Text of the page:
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Highlights in this update

  • Much of the Murray–Darling Basin experienced above average temperatures in January
  • Water storage levels across the Basin remained steady in January
  • Cool and wet conditions are likely into early autumn thanks to La Niña
  • Spotlight story: Algal danger in bloom – blue-green algae red alerts
Temperature deciles for November 2020 to January 2021


La Niña has so far not delivered consistent rain to the northern Basin.

The northern Basin continues to swelter through a hot summer while some areas of Victoria and New South Wales in the southern Basin received record-high January daily rainfall in the first days of the new year.

Although La Niña has brought higher than average rainfall for much of the Basin, temperatures have remained high, with most temperatures across the Basin average to above average.

From January 23 to 26 the entire Basin experienced a heatwave with the Lower Darling, Lower Murray, and Paroo catchments reaching temperatures of more than 40 °C.

Rainfall totals for January 2021


January 2020 was warmer and wetter than average, with the BoM reporting that rainfall across the Murray–Darling Basin was 3% above the long-term January average of 57.9 mm.

Rainfall was widespread across the Basin at the end of January with Mount Buffalo and Falls Creek in the Victorian Alps recording 141 mm and 135 mm respectively. Meanwhile, Condobolin in New South Wales recorded 144 mm.

In the northern Basin, rainfall deciles were around average while in the southern Basin, rainfall deciles were mostly above average for January.   

The Bureau of Meteorology continues to advise that widespread and persistent rainfall is needed to lift areas out of deficiency, especially the northern Basin where total water storage levels remain low at 28%.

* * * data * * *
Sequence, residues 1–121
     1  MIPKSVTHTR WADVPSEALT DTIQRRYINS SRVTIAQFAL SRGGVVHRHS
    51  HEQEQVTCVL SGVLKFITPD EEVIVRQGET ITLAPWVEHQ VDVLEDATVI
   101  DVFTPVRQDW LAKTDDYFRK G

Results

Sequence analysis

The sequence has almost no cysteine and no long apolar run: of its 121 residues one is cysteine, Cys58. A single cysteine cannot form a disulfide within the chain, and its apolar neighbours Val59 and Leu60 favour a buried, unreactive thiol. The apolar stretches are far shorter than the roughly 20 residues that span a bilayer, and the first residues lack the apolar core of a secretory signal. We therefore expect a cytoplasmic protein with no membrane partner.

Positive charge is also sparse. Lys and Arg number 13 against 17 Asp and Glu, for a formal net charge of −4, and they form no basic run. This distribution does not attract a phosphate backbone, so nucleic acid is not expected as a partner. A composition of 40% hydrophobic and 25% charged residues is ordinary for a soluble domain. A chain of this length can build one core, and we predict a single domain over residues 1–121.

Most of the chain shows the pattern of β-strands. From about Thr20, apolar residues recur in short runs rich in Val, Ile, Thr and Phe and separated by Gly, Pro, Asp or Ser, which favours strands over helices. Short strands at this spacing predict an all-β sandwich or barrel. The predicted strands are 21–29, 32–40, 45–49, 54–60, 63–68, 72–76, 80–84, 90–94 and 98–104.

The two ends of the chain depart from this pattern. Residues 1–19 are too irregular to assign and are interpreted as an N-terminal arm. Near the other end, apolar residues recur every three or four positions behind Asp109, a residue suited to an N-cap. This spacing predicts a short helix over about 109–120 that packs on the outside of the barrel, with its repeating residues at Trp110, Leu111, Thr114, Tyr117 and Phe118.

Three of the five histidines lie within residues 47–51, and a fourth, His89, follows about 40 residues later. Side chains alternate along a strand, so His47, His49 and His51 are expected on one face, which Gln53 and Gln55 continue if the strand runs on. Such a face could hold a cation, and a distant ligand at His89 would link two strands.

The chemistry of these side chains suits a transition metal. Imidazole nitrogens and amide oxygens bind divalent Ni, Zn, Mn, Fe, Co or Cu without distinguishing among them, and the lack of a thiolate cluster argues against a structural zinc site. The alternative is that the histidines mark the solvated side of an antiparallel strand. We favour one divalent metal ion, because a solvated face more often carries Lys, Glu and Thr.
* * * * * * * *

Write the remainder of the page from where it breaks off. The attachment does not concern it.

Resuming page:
Water storage levels across the Basin for January 2021

Water storages and streamflow

Public water storages across the Basin were holding 11,398 GL (51%) as at 3 February 2021. This was down from 54% in December 2020 but 32% more than the same time last year. Public storages in the northern Basin were holding 1,316 GL (28%). This was a 1% increase from December 2020 when northern Basin storages were holding 1,281 GL (27%).

Many public storages in the northern Basin are now sitting above 30% with the exceptions of storages in the Border Rivers (Pindari Lake at 12%, Glenlyon Lake at 14%, Lake Coolmunda at 19%), and Gwydir (Lake Copeton at 20%).

As at 3 February 2021, southern Basin storages were holding 9,356 GL (57%). This is a decrease from the beginning of December 2020 when storages in the southern Basin were at 10,049 GL (62%).

In the northern Basin, summer rainfall allowed the Northern Waterhole Top-up to extend past its original target range. From December 2020 to January 2021, water was released from Pindari and Copeton Dams. By late January the flow extended from just downstream of Bourke to just upstream of Collarenebri, 3 times the distance of river it was originally expected to cover. A small portion of this water is expected to reach Menindee.

Climate outlook – La Niña conditions continue

The BoM forecasts that cool and wet conditions due to La Niña are likely to continue into early autumn.

So far summer rainfall has been mostly above average across the Basin – except the northern Basin where drought continues to persist.

Despite this, water storages in the Murray–Darling Basin have improved from last summer and are now sitting at 55%, compared to 32% in 2020.

La Niña is likely to break down during autumn with a return to neutral conditions by winter. Rainfall will begin to reduce in April, which is consistent with the decay of La Niña. However, from February to April, it is likely to be wetter than average across much of the Basin, including the northern Basin.